State Bar of Michigan Disabilities Newsletter
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Committee on Justice Initiatives and Equal Access Initiative Disabilities Project

Disabilities Newsletter

Volume 10, Issue 1, February 2017

  Equal Access Initiative

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Access to Courts for Persons Who are Deaf and Hard of Hearing
By Maya K. Watson

Access to Courts for Persons Who are Deaf and Hard of HearingThere are approximately 609,183 deaf and hard-of-hearing persons in the state of Michigan. It is imperative that those who are deaf and hard of hearing have unobstructed access to Michigan courts, forms, and information and that they have the same opportunity to participate in the judicial system as any other individual.

This article will cover the following three topics:

  • Federal requirements for facilitating access to the Michigan court system for those who are deaf or hard of hearing
  • Michigan courts' compliance with the Americans with Disabilities Act and ADA Amendments Act of 2008
  • A list of references to assist one in making accommodations for the deaf or hard of hearing in the court system

I. Federal Requirements for Facilitating Access to Michigan Court System for Those who are Deaf or Hard of Hearing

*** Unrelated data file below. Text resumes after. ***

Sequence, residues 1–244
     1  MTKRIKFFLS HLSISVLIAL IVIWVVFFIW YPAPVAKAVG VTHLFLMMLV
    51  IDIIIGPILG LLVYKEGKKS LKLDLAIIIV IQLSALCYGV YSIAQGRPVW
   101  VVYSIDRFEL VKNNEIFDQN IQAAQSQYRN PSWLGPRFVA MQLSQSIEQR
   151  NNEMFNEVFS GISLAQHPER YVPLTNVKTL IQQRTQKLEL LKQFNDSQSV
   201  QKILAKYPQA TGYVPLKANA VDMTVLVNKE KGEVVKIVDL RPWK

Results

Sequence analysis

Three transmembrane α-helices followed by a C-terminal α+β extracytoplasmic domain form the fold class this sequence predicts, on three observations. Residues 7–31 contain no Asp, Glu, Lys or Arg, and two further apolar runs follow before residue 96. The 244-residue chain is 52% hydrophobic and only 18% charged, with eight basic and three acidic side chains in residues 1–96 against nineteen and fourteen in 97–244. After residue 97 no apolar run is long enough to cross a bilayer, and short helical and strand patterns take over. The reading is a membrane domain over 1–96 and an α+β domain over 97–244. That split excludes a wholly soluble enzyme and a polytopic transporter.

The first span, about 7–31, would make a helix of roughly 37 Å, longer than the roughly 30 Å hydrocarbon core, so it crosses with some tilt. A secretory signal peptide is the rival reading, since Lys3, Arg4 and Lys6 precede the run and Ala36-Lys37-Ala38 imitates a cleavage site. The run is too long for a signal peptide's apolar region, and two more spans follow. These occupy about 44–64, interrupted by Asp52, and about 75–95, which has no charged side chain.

A Hearing Aid in CourtThe Americans with Disabilities Act of 1990 (ADA) and the ADA Amendments Act of 2008 (collectively, the "Act") identify courts' responsibilities to provide access to programs and services for citizens with disabilities. Title II of the Act relates to nondiscrimination on the basis of disability in state and local "public entities"—this term includes Michigan courts. On July 15, 2016, Attorney General Loretta Lynch signed a Final Rule to implement the requirements of the ADA Amendments Act of 2008. The Final Rule became effective on October 11, 2016. Congress enacted the ADA Amendments Act to ensure that the definition of "disability" would be broadly construed and applied without extensive analysis.

The U.S. Justice Department's regulations implementing the Act's requirements provide:

    "(a)(1) A public entity shall take appropriate steps to ensure that communications with applicants, participants, members of the public, and companions with disabilities are as effective as communications with others . . .

    (b)(1) A public entity shall furnish appropriate auxiliary aids and services where necessary to afford individuals with disabilities . . . an equal opportunity to participate in, and enjoy the benefits of, a service, program, or activity of a public entity.

    (2) . . . In determining what types of auxiliary aids and services are necessary, a public entity shall give primary consideration to the requests of individuals with disabilities. In order to be effective, auxiliary aids and services must be provided in accessible formats, in a timely manner, and in such a way as to protect the privacy and independence of the individual with a disability.

    (c)(1) A public entity shall not require an individual with a disability to bring another individual to interpret for him or her.

    (2) A public entity shall not rely on an adult accompanying an individual with a disability to interpret or facilitate communication except [in certain circumstances].

    (d) Video remote interpreting (VRI) services. A public entity that chooses to provide qualified interpreters via VRI services shall ensure that it provides: